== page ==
Have you ever had well-meaning advice from friends , family, or even professionals that didn’t seem to work?
Over the course of many years she has conducted research on what works for making friends .
My key question for this podcast episode is, “Can autistics and Aspergians have meaningful social relationship?”
What does the science say?
It says a resounding yes!
Thousands of Aspergian and autistic adults want friends and meaningful relationships. They have either not been given any rules, or have been given well-meaning but bad advice.
In this podcast episode you will learn:
- Why friendships are so important
- Independent Living, self-esteem, negative correlation with depression and anxiety on the other hand rejection is positively correlated with depression, anxiety, and other problems later in life performance, increased substance abuse.
- The story of a 14-year old suicidal teenage who had been through multiple hospitalizations and extensive peer rejection. He went through the PEERS program, graduated high school, and moved from California to Florida to successfully complete his college degree. He joined fraternity, made friends, dated, and is now working.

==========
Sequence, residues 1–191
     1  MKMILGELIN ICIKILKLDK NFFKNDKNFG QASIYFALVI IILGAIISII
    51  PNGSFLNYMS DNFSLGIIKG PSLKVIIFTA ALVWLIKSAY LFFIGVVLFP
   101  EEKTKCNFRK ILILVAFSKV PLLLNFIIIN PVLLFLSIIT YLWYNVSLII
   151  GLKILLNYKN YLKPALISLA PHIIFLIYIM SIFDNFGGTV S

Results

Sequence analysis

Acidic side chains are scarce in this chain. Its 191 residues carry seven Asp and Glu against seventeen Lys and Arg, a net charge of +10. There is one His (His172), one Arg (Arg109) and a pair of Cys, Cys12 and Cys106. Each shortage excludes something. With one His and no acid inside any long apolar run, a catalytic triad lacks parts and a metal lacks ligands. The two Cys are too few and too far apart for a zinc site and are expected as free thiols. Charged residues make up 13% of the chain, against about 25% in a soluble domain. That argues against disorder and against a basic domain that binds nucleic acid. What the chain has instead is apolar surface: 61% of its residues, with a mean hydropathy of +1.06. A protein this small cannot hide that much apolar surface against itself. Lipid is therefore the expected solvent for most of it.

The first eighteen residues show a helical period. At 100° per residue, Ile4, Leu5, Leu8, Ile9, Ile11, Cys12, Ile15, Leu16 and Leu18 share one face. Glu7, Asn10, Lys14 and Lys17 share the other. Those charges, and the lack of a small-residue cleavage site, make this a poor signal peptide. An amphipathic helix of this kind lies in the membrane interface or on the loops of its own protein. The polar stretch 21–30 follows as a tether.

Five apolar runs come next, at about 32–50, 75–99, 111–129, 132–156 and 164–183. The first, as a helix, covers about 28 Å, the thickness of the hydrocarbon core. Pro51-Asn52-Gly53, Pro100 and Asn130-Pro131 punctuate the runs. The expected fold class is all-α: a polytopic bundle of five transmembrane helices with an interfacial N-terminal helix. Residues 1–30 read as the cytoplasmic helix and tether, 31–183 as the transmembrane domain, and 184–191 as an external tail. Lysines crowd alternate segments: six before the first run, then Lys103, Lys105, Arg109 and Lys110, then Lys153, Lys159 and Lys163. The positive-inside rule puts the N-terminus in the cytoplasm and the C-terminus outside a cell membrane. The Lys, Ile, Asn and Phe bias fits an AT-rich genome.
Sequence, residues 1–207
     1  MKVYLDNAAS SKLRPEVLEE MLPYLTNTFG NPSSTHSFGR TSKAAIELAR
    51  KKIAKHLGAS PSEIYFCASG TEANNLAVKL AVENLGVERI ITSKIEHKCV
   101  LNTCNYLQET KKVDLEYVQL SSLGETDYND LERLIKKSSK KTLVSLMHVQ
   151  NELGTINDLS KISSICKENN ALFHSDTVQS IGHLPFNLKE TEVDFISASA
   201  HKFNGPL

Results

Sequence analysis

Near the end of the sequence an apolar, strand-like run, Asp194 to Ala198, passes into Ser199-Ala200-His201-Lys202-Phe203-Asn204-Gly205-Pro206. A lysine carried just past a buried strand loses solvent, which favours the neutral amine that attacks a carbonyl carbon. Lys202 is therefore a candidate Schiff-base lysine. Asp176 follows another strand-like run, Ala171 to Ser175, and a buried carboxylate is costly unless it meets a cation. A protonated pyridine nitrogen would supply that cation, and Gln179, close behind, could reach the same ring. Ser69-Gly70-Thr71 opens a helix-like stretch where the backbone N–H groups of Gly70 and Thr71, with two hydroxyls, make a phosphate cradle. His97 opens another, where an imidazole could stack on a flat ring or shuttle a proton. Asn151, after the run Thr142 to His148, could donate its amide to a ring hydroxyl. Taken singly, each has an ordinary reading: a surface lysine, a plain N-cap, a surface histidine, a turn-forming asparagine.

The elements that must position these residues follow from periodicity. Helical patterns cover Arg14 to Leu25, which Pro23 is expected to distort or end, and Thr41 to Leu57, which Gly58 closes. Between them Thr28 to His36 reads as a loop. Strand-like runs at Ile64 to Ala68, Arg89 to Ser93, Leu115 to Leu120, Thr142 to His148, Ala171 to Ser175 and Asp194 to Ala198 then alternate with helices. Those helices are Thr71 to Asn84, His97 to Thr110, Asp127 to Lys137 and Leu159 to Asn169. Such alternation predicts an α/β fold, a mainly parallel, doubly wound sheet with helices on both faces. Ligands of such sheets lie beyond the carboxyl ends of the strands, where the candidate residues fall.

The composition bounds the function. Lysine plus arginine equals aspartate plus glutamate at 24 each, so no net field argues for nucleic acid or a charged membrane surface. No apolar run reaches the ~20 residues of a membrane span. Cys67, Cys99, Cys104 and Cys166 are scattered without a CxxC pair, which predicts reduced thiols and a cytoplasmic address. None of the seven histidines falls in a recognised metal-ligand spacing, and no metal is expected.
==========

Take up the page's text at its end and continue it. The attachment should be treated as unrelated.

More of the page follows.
- The strong evidence base for the PEERS program.
- Randomized control trial studies have shown increased social responsiveness, increased social awareness, increased social cognition, increased social motivation, and increase social engagement 1 to 5 years post completion of the program.
- The program also has research partners and has been translated in 30 different countries. The findings are all almost exactly the same as those in the United States.
- “Research shows we are all are similar than we are different” Dr. Elizabeth Laugeson
Resources and Links
Books/Workbooks by Dr. Elizabeth Laugeson
Children Friendship Training, by Dr. Fred Frankel
Copyright: ammentorp / 123RF Stock Photo